Frame This Chart

Written By Christian DeHaemer

Posted April 21, 2020

Yesterday the May 2020 contract for oil fell to negative $35 at the close from $20 at the open. That is, in theory, the oil producers would have to pay you to take it.

When I first started trading there was always a secondhand story about some guy who didn’t get out of his coal/pork bellies/corn futures contract in time and when he came home there were three tons of unprocessed bacon on his lawn.

Yesterday was that day. But it wasn’t some guy from Salomon Brothers but the oil ETF USO. Here is the price action on the May 2020 contract as it expired yesterday:

This has never happened before. You should frame this chart and put it on your wall, tell your grandkids, wake the neighbors.

But hey, free oil.

I immediately hatched a plan to rent a tanker truck from this place in Houston, have my brother-in-law drive it to Cushing, Oklahoma, and fill it up for free.

Then we could park it in the backyard for a year at which point we would sell it for $35.  The March 2021 WTI Crude futures price is $34.68. A tanker truck can hold 190 barrels of oil, so that’s an easy $6,650.

But then the monthly rental on a tanker truck is $5,000 and the OSHA fines could get expensive. Plus the wife was against it, fretting about the petunias and what have you.

Brent Crude is at $21.48 a barrel

Oil, of course, really didn’t fall to negative numbers. It’s all an aspect of these inefficient sector ETFs, in this case, the oil ETF United States Oil (USO).  Because USO buys a constantly rotating series of futures contracts in order to “reflect the daily changes in percentage terms of the spot price of light, sweet crude oil delivered to Cushing, Oklahoma” it got stuck holding bad paper during a long squeeze.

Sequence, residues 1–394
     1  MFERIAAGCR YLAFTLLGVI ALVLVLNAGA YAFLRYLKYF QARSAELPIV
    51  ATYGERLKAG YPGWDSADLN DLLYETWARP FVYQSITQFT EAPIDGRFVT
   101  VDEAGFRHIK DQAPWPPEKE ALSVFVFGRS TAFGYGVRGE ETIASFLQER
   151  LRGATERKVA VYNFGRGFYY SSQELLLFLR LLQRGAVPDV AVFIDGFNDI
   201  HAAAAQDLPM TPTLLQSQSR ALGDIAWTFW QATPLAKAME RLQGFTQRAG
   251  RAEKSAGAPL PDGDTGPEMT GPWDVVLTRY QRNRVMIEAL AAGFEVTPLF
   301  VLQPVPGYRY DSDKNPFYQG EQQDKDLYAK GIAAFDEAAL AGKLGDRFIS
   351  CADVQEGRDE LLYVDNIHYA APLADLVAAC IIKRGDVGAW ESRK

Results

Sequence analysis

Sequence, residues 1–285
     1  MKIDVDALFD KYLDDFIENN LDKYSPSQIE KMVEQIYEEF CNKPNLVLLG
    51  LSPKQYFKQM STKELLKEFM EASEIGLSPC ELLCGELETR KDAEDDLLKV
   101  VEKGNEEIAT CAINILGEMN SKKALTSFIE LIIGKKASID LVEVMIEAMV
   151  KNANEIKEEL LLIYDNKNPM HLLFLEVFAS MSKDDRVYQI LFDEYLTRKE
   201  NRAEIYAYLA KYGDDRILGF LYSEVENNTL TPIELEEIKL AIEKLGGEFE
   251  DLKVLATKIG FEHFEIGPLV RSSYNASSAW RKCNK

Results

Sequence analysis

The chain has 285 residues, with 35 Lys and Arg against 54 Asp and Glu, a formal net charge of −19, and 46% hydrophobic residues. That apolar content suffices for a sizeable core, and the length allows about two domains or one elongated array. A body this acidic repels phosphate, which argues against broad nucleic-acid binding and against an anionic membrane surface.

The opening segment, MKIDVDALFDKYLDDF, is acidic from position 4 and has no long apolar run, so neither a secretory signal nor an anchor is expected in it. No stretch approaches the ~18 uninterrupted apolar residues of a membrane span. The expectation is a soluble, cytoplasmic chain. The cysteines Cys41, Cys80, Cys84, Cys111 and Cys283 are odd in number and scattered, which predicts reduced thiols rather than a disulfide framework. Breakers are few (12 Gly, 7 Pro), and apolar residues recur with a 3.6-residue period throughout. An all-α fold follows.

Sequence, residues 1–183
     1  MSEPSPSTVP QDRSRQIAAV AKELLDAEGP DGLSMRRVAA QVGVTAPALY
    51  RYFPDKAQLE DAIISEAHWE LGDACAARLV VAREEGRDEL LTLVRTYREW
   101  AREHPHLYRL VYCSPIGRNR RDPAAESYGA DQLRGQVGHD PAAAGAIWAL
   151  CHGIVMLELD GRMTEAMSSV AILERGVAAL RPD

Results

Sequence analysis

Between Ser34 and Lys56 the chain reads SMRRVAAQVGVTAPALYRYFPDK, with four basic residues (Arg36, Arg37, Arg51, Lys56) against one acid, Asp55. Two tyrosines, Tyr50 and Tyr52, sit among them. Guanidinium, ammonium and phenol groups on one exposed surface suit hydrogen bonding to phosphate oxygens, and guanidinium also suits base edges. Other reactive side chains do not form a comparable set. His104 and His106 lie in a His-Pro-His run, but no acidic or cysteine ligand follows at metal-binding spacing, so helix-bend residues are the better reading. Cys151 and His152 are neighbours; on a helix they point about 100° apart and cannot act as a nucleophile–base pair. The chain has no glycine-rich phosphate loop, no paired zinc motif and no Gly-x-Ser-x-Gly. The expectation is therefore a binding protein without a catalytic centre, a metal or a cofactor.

An ETF can’t take physical control of the oil. It owns zero storage capacity at Cushing. So, it had to dump all its paper even if that meant taking a massive loss.  

The USO is also long 160 million barrels of June contracts, so it will be fun to watch this play out. No one really knows how or if they will meet their margin calls.

Swimming in Oil

What this does tell us is that there is too much oil in the world. Usually the world consumes around 100 million barrels a day. With the COVID-19 virus, no one is driving and industrial plants are shut down. We are now consuming much less, an estimated 70 to 75 million barrels a day.

This leaves 25 million barrels a day that need to be stored someplace on land in tankers, at sea in ships, or even in railcars. But storage is quickly running out with expectations it will be full in a month.

Oil producers are already cutting back drastically. Oil rigs in use have dropped to half their number of what they were at the peak. The oil patches in Texas, Oklahoma, and North Dakota will be hit hard. Last year the oil industry was 8% of U.S. GDP. A shutdown will cause a lot of pain that will ripple across the entire market. These are six-figure jobs.

The fact that the Dow wasn’t down 2,000 points yesterday means it is no longer a market and more of an experiment in price-fixing by the Federal Reserve. In my monthly stock advisory, Christian DeHaemer’s Bull and Bust Report, we went long on floating oil storage stocks two weeks ago. These plays are up more than 40% and rising fast. Join us today and make money from this once-in-a-lifetime event.

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Christian DeHaemer

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Christian is the founder of Bull and Bust Report and an editor at Energy and Capital. For more on Christian, see his editor’s page.

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